It's Klaw Season. Time to hunt.

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                          • Jclaw wrote: View Post

                            you might be onto something. He could probably make half his contract over in sales. Let's see...30 million Canadians x $40 per shirt - labour costs...
                            He’d be foolish not to sign at a 1+1, at a minimum, to milk the Canadian cash cow for at least one more season.

                            There’s a reason Uncle Dennis, the banker, looks so giddy these days.

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                            • S.R. wrote: View Post

                              The interesting counter point that players are starting to voice is that they shouldn't be penalized millions and millions of dollars for deciding to go somewhere else in free agency. I mean a team like say Milwaukee effectively lucks into a high lotto pick, drafts some guy, and now if that guy wants to play somewhere else 7-10 years down the line it's going to cost him personally $50-80 million dollars or something. From the player perspective that's kind of nuts, especially for guys who find themselves in mediocre organizations. I expect to see increasing pushback from the union on this, the league is going to have to figure out how to protect competitive balance and small market team without penalizing players.
                              Which is kind of impossible in this contaxt imo.

                              Call me crazy but I kind of want to see small markets even better protected, making it harder to create super teams in the largest markets. I think athletes should make all they can but won't shed a tear if it means playing in X market for $25M a year instead of another more preferable one (to them) for $35M a year .....

                              Why should a small market team almost never get even a sniff of the chip unleess they "effectively luck into a high lotto pick? It's those small makrket teams that contribute to the insane TV/cable leage sponsorship deals that allow for the $30M deals in the first place.

                              MLB is the best (worst?) example where the Yankees, Red Sox, Cubs and Dodgers spend $200+M and 10 teams spend 100 or less to try and remain solvent? I'd like to see more teams succeed by how well they draft/develop and trade rahter than by how limitless their cheque book is .....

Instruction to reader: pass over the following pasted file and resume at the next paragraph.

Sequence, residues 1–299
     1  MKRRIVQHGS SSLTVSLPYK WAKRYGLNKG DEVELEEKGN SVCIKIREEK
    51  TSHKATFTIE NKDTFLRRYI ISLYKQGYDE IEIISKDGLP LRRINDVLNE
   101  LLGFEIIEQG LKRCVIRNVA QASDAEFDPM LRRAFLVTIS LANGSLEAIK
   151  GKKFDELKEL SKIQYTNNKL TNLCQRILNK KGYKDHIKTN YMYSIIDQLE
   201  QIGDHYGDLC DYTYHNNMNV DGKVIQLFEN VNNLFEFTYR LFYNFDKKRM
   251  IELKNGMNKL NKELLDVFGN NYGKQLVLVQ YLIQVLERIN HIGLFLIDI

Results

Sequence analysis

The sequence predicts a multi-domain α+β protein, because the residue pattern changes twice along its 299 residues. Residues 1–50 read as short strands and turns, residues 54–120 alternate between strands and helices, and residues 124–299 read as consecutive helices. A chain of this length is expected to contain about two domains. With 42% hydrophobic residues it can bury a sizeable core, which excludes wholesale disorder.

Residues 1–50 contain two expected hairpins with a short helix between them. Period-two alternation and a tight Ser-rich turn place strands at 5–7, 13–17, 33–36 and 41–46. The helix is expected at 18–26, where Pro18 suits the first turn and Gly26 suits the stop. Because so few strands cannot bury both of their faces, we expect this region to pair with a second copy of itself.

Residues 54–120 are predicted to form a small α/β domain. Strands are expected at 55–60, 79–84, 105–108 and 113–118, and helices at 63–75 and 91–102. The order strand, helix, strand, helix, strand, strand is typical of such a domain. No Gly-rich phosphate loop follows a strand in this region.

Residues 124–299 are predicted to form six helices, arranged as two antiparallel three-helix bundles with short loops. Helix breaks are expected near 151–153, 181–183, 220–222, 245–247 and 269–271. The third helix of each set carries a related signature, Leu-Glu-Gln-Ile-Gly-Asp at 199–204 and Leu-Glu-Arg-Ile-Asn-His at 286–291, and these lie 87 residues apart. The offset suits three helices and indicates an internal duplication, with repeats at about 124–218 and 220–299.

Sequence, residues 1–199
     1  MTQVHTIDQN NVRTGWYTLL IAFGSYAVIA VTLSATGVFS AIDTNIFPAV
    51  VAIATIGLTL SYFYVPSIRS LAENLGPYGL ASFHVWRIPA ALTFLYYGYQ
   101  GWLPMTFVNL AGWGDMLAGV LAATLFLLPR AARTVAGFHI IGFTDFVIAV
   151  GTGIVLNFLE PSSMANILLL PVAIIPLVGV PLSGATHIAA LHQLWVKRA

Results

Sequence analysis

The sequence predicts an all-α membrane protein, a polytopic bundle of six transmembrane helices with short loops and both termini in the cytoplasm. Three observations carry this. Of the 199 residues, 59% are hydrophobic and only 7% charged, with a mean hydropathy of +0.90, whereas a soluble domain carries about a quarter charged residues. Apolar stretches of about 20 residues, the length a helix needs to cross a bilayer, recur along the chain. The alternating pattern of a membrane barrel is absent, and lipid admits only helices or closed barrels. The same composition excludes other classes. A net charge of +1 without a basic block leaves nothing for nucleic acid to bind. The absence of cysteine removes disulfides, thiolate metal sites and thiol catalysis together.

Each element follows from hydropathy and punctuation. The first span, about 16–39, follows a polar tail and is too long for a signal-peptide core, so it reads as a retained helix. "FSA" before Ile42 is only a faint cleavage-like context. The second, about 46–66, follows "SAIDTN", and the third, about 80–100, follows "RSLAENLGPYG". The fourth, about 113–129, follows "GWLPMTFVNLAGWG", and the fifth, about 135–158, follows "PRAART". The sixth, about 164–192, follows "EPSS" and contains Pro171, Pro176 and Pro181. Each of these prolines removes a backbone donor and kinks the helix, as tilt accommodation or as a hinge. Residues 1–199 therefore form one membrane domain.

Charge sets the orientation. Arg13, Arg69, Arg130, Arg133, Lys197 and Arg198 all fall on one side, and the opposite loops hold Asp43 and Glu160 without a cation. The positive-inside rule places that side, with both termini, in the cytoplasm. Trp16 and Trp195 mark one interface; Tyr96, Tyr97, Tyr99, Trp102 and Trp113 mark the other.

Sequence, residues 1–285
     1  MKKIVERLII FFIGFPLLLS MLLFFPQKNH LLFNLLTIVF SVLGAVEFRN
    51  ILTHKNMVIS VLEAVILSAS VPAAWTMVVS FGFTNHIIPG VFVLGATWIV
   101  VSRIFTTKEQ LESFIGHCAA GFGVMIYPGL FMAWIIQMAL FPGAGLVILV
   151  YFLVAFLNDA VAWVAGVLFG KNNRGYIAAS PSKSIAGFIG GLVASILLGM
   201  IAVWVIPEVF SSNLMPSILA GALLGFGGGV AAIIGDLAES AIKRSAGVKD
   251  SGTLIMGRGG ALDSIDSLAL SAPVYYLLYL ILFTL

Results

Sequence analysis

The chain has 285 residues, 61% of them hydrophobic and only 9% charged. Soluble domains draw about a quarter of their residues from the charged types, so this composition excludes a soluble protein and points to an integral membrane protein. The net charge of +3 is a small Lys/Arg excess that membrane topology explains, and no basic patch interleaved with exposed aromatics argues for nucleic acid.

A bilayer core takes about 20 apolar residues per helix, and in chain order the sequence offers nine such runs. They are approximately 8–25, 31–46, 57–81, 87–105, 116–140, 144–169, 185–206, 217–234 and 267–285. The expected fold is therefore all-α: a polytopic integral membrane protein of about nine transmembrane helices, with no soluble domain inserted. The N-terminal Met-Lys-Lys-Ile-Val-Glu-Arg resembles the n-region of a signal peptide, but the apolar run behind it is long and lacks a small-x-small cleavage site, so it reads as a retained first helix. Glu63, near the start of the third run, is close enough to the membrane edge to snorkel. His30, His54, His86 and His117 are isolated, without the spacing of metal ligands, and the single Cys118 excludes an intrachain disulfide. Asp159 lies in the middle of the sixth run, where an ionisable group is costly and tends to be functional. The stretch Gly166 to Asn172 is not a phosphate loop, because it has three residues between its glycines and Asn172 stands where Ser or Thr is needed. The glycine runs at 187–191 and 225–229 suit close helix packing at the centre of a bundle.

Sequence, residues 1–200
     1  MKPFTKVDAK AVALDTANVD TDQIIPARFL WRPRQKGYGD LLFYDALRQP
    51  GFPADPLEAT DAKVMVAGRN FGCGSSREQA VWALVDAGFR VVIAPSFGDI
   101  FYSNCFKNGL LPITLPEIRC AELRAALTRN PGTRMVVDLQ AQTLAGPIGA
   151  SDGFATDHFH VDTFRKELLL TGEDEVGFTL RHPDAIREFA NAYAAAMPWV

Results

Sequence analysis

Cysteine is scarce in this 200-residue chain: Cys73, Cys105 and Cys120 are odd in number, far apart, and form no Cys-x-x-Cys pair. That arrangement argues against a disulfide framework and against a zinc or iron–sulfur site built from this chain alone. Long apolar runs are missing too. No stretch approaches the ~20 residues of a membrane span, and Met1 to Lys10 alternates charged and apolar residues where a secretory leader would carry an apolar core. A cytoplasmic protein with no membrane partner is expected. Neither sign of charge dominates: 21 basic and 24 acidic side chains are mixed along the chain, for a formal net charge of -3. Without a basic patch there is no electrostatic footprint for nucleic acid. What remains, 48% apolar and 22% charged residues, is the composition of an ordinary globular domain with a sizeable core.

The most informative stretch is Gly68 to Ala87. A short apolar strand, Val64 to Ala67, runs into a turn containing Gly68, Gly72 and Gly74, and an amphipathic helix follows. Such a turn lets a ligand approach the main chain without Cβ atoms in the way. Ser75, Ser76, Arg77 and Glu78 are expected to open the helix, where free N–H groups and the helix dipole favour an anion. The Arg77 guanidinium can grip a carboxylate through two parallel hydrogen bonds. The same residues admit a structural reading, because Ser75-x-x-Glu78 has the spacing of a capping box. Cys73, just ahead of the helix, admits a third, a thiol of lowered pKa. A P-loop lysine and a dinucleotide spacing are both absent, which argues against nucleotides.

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                              • DanH wrote: View Post

                                There is no all-NBA requirement. That’s for if a home grown player wants to get the 35% max before they hit 10 years experience. Kawhi’s chance at that disappeared with the trade to the Raptors.

                                No matter what he does between now and then (so long as he plays in the NBA), two summers from now he’ll be eligible to sign for the 35% max with any team that has the cap room or rights for him (assuming he is a free agent at that time).

                                The only difference is how long that contract can be when he signs it, and how big the raises can be from year to year. In your scenario where he stays one year, and switches teams next summer as well, re-signing with his team at that point would be no different than signing with a new team - 4 years maximum contract length, smaller 5% raises. In any of these scenarios

                                If he is with a team for two years before signing, he can still only get 4 years, but gets the bigger raises (8%, due to his Early Bird Rights) if he re-signs.

                                If he signs with a new team, but for three years to earn Bird Rights before signing his 35% max (this would require he take an extra year to get there), or if he stays here for 2 years (to hit the 10 year threshold, we already have his Bird Rights), he’d be eligible for the full 5 years and 8% raises if he re-signs.
                                Ok ... I think I almost get that. Mostly. ha...

                                So, my confusion lies in ... if he's eligible for 35% of the cap, is that just for the first year and then the raises can take him above 35% in subsequent years?

                                If it's 35% no matter what, how can it be raised by different percentages according to those different scenarios.

                                (Thanks Dan for continually striving to make this stuff clear to us. )